"Picture Postcards: The Happy Invention" postponed
Oct. 1 – Sunday
• 10 a.m. to 4 p.m. – 40th Annual Cider Fest
Thanks to a portable forge that someone threw out and a father who schooled him on the finer points of metal-working, Sam Johnson seemed destined to be a blacksmith.
And he is.
But Johnson, of Lakemoor, remains a student of the profession; a 26-year-old aficionado who works hard to improve his craft – whether he’s making simple, double-sided pot hooks, triangles or decorative items.
“I sleep it and I live it,” said Johnson, who has been smithing for the last 12 years. “I’ve learned a lot about what is appealing to the eye and I’ve learned a lot of techniques. I grew up working in a shop and watching other guys work and share ideas.”
Still, truly appreciating the effort requires experiencing the process firsthand at events such as the McHenry County Historical Society’s 40th Annual Cider Fest. Sunday’s itinerary includes live music, a white elephant sale, an apple bake-off competition, a barn-raising, old-fashioned cider pressing (apples donated by Lang's Orchard of Woodstock) and a shoe-making demonstration featuring cobbler Doug Strong of Hawthorn Woods.
“I try to make money out of it but it is a difficult thing to market and it is hard to make stuff. You need to go out on site and get a fire going, plus buy coal and bar stock,” Johnson said. “But if people are able to sit there and can watch me make stuff with a hammer, they realize that they want it.”
Visitors to Cider Fest also will be able to experience a Civil War encampment, courtesy of the 36th Wisconsin Voluntary Infantry. Re-enactors plan to bring a non-working howitzer and a demonstration telegraph station, as well as participate in black-powder drills. Gen. Ulysses S. Grant, portrayed by Wayne Issleb, will be joined by both Union and Confederate troops at an encampment. The idea is demonstrate the camaraderie that existed between both sides once the day’s fighting was over.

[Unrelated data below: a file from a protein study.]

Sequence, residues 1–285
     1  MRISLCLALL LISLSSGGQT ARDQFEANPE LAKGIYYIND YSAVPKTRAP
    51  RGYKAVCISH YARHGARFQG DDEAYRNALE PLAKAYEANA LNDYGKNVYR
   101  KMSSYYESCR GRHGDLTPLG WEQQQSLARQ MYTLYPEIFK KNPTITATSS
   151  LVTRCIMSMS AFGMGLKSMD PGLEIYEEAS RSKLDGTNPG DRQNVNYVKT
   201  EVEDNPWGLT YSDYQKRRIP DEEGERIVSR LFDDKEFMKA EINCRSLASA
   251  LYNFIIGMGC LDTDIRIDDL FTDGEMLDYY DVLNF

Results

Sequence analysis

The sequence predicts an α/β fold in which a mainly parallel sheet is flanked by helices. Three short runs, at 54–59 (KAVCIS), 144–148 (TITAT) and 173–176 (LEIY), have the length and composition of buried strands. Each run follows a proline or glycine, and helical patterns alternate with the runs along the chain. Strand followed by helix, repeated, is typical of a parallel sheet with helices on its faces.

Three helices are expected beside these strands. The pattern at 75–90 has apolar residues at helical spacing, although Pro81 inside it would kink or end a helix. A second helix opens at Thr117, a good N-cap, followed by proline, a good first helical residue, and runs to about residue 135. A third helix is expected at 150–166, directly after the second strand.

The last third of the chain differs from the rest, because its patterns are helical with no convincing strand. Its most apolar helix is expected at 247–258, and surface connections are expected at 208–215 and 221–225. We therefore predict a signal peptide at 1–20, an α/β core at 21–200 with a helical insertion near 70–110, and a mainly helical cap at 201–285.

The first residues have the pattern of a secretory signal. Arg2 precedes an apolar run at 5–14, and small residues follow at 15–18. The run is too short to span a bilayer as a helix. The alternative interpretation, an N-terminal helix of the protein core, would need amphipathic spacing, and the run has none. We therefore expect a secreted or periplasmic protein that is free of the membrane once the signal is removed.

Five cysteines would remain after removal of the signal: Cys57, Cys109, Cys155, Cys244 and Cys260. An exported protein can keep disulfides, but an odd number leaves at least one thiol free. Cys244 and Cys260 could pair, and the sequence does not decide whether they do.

“It was more political than anything else,” Issleb said of the War Between the States. “It (war) was turning point for the country. It was not only fought to abolish slavery, it was over a way of life. It symbolized a joining into one nation, as Americans, and it tested this country.”
Sadly, insular views of history are once again leading to divisions in places like Charlottesville, Va.
“It’s unfortunate that people who protest the war want to believe it never happened. They want to just erase history,” Issleb said. “You cannot do that. The Confederate statues are not to glorify a cause. But people don’t want to see that. They say it is offensive.”
Cider Fest runs from 10 a.m. to 4 p.m. at the museum, 6422 Main St. in Union. In addition to free access to the museum, visitors are invited to participate in an apple dessert contest or choose from a variety of other homemade apple treats; help with a barn raising starting at 11:30 a.m. and listen to the sounds of Charlie B and Friends starting at 12:30 p.m. Silent auction aficionados can bid on unique books that include something from the 1933 Century of Progress, a reprint of the 1872 county atlas and some Dick Tracy pocket books.
In addition, the Gannon family 1843 log cabin, the 1895 West Harmony one-room school and The James mobile museum will be open. The Waukegan North Shore Chapter of the Antique Automobile Club of America also plans on dropping by around noon. Their entourage will include a 1913 Stanley Steamer.
Is grandma’s old apple pie recipe melt-in-your-mouth marvelous? Does your apple bars take the cake? Now you have a chance to prove it.
As part of the 40th annual Cider Fest on Sunday, Oct. 1, the McHenry County Historical Society is hosting is fourth annual Apple Bake-off Contest. Registration begins at 9:30 a.m. with judging following at 10:30 a.m. in the 1895 West Harmony School.
The school is located on the museum grounds at 6422 Main St. in Union.
Categories are apple pies, apple cakes and apple squares/bars. There is a $2 fee per item. First- second- and third-place contestants in each of the three categories will receive ribbons, with a special prize going to the grand champion.
All baked goods entered should be in disposable containers or dishes marked with the contestant’s name and phone number for pickup after judging. Entries will be divided and repackaged for sale that day. All proceeds benefit the nonprofit historical society. For additional information, visit www.gothistory.org or call 815-923-2267.
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